solving a constrained optimizing problem with equality constraints can be done with the lagrangian multiplier. (http://en.wikipedia.org/wiki/Lagrange_multiplier) This approach leads to a system of equations which can then be solved with for example newton-method.

if you have a problem with inequality constraints. The lagrange multiplier can be generalized to the Karush–Kuhn–Tucker conditions (http://en.wikipedia.org/wiki/Karush–Kuhn–Tucker_conditions#Necessary_conditions) This lead to solving a system of equations, but also inequalities. What method can be used to solve the inequalities? (Does also newton-method work somehow)?

  • $\begingroup$ I would look at the Simplex or Ellipsoid algorithms for solving LPs. $\endgroup$ – ml0105 Dec 22 '14 at 1:19
  • $\begingroup$ yes but this does not work for NLPs, and the conditions hold sometimes even for non-convex functions. $\endgroup$ – user3613886 Dec 22 '14 at 1:39
  • $\begingroup$ @user3613886 What problems do you have with the Karush-Kuhn-Tucker conditions ? $\endgroup$ – callculus Dec 22 '14 at 3:21
  • $\begingroup$ It depends on the problem. There is no exist a general method. If your problem is LP (Simplex, Ellipsoids algorithms), SDP (Interior points, proximal methods), non-convex (relaxations), ... $\endgroup$ – Alex Silva Dec 22 '14 at 10:14
  • $\begingroup$ @calculus the question is how to solve the system of equations and inequations from the KKT conditions? $\endgroup$ – user3613886 Dec 22 '14 at 11:20

A problem could be

$\texttt{max} \ f(x,y)=-(x-1)^2-(y-1)^2$ under the constraints $x+y\leq 1$ and $x,y\geq 0.$

The lagrange function then is:

$L(x,y,\lambda )=-(x-1)^2-(y-1)^2+\lambda (1-x-y)$

The expression in the brackets of $\lambda ()$ has to be greater or equal to zero.

The KKT conditions are:

$\frac{\partial L}{\partial x}=-2(x-1)-\lambda\leq 0 \quad (1), \quad \frac{\partial L}{\partial y}=-2(y-1)-\lambda \leq 0 \quad (2)$

$\frac{\partial L}{\partial \lambda}=1-x-y\leq 0\quad (3), \quad x\cdot \frac{\partial L}{\partial x}=-x\left( 2(x-1)+\lambda\right)= 0\quad (4)$

$y\cdot \frac{\partial L}{\partial y}=-y(2(y-1)+\lambda) = 0 \quad (5), \quad \lambda\cdot \frac{\partial L}{\partial \lambda}=\lambda(1-x-y)=0 \quad (6), \quad x,y,\lambda \geq 0 \quad (7)$

Now you check the two cases $\lambda=0$ and $\lambda \neq 0 $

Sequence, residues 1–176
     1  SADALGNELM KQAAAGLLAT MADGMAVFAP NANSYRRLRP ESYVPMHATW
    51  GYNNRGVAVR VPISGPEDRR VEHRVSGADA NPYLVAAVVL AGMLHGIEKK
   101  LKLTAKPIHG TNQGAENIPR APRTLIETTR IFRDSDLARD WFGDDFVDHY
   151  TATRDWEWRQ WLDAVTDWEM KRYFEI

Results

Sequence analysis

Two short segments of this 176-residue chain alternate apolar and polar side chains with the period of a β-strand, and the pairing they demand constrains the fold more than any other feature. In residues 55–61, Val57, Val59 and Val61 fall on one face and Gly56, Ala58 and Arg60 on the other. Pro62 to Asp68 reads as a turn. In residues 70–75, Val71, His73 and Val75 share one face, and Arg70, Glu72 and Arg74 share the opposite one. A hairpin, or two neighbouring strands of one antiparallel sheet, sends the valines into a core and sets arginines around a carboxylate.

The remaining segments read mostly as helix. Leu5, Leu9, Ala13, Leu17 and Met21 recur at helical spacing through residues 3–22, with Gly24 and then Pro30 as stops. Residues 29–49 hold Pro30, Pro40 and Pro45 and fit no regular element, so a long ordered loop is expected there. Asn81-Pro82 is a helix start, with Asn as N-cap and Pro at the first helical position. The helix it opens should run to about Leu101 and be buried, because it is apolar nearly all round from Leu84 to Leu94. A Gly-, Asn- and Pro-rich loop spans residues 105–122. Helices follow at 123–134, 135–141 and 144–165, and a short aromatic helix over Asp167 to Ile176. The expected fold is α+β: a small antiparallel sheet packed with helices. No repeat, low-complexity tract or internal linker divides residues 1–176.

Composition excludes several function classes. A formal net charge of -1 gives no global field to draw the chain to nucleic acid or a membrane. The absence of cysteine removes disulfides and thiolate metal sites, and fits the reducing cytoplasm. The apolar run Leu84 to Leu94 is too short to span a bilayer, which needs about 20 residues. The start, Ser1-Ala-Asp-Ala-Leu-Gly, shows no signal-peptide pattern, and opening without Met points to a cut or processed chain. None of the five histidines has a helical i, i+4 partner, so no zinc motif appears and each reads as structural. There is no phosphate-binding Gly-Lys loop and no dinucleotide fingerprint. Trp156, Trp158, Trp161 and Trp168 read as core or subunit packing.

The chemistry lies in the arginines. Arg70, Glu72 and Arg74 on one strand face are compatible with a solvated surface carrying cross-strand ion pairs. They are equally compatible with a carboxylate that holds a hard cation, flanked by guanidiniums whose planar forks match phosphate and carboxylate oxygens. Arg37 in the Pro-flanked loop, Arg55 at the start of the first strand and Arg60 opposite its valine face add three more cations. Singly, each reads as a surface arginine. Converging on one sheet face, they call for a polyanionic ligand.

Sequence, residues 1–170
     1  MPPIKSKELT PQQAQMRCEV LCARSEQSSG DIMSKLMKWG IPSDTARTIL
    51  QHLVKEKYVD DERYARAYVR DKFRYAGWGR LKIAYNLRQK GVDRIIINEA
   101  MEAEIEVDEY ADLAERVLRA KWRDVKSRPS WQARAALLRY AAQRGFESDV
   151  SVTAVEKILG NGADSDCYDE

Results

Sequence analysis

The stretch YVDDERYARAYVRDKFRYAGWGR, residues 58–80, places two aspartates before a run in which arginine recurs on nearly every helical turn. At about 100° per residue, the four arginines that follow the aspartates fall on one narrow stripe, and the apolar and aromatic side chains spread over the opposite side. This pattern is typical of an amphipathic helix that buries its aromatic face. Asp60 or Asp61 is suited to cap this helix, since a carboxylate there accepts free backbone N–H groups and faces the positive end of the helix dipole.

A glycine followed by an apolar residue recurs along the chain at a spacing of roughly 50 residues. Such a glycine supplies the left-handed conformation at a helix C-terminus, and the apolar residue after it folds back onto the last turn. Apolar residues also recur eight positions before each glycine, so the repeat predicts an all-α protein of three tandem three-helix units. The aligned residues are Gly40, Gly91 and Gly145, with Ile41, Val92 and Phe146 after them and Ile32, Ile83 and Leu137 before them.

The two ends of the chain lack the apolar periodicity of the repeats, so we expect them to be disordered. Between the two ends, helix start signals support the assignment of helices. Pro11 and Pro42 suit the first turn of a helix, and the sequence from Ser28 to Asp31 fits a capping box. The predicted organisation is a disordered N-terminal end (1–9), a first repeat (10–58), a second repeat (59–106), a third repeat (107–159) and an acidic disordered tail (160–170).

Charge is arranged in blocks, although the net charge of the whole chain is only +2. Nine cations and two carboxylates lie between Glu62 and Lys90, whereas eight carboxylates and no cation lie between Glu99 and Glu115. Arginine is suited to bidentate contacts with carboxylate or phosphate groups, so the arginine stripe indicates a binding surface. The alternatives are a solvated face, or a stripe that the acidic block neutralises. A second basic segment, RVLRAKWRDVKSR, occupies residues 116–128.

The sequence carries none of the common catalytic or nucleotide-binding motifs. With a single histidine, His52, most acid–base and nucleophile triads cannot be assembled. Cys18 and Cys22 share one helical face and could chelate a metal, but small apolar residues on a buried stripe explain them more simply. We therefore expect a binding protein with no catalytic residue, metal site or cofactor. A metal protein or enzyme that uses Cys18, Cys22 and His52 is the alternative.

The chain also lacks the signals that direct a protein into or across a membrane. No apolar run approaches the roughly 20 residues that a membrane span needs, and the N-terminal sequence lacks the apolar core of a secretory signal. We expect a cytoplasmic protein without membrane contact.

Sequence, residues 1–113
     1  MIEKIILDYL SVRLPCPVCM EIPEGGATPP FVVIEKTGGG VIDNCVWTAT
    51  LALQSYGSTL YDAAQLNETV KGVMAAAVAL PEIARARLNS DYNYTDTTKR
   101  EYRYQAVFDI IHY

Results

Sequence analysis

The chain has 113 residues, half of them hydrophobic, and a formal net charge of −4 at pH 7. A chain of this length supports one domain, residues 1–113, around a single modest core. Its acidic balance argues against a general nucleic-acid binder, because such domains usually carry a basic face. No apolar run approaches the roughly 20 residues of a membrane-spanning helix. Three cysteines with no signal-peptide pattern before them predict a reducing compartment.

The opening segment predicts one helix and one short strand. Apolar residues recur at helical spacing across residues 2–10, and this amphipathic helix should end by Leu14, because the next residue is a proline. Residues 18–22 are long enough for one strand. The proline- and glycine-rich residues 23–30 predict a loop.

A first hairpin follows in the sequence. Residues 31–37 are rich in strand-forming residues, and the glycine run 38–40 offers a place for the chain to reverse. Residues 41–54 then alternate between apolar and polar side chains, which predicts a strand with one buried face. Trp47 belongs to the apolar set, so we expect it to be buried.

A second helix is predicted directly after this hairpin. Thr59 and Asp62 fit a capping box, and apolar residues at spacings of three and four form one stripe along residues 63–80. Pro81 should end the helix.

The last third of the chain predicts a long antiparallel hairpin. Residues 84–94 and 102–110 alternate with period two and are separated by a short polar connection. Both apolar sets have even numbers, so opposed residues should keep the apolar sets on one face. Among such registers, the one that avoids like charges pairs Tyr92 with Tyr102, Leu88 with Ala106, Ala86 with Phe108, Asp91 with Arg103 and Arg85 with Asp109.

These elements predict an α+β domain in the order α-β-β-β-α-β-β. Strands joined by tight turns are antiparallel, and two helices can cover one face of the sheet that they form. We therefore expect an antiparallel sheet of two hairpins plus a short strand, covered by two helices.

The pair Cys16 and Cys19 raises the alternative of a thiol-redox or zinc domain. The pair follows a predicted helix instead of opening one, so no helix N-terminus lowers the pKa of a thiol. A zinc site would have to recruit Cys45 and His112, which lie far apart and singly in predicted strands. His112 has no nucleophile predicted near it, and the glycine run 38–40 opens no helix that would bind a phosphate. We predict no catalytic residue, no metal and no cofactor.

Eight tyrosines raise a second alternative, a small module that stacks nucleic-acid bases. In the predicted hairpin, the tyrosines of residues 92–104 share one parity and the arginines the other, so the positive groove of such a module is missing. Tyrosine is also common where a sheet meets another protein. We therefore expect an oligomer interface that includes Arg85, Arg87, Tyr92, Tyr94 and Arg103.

• Case 1: $\lambda=0$

For (4) and (5) you would have 4 possible solutions $(x,y,\lambda)$:$(0,0,0),(1,0,0),(0,1,0),(1,1,0) $

None of these solutions satisfies the conditions (1),(2) and (3) simultaneously.

  • Case 2: $\lambda\neq 0$

Because of (6) we have $1-x-y=0$

If $x=0$, then $y=1$. Inserting the values in (5): $-1(0-\lambda)=\lambda=0$ Because of $\lambda \neq 0$ (case 2) we have a contradiction.

If $x=1$, then $y=0$. Inserting the values in (4): $-1(0-\lambda)=\lambda=0$ Because of $\lambda \neq 0$ (case 2) we have a contradiction.

We can conclude, that $x,y \neq 0$. Because of (4) and (5) we have the two equations.



Substracting the second equation by the first equation.

$2x-2y=0 \Rightarrow 2x=2y \Rightarrow x=y$

With (6) and $\lambda\neq 0$ we get $1-x-x=0 \Rightarrow 1=2x \Rightarrow x=\frac{1}{2}$ and $y=\frac{1}{2}$ By using (5) we can calculate $\lambda$.

$2\cdot \left(\frac{1}{2}-1\right)+\lambda=0\Rightarrow \lambda=1$

  • $\begingroup$ thank you for your effort, but this is not the answer i was intending. I was asking how they can be solved by computers without enumerating all cases $\endgroup$ – user3613886 Dec 25 '14 at 4:19
  • $\begingroup$ @user3613886 Then I misunderstood you. But if you solve it by a computer, why you don´t want to enumerate all cases. ? How do you want to influence what the computer is calculating ? In general: If you are lucky, then you have to enumerate only one case. $\endgroup$ – callculus Dec 25 '14 at 15:55
  • $\begingroup$ where did you see this KKT conditions? In which book? $\endgroup$ – user441848 Jun 16 '18 at 20:56
  • $\begingroup$ @user441848 You can read it on this site. Although it is in german the KKT-condition in the box should be clear. $\endgroup$ – callculus Jun 17 '18 at 3:26
  • $\begingroup$ oh ok thank you, I'll try to understand. $\endgroup$ – user441848 Jun 17 '18 at 3:31

Your Answer

By clicking “Post Your Answer”, you agree to our terms of service, privacy policy and cookie policy

Not the answer you're looking for? Browse other questions tagged or ask your own question.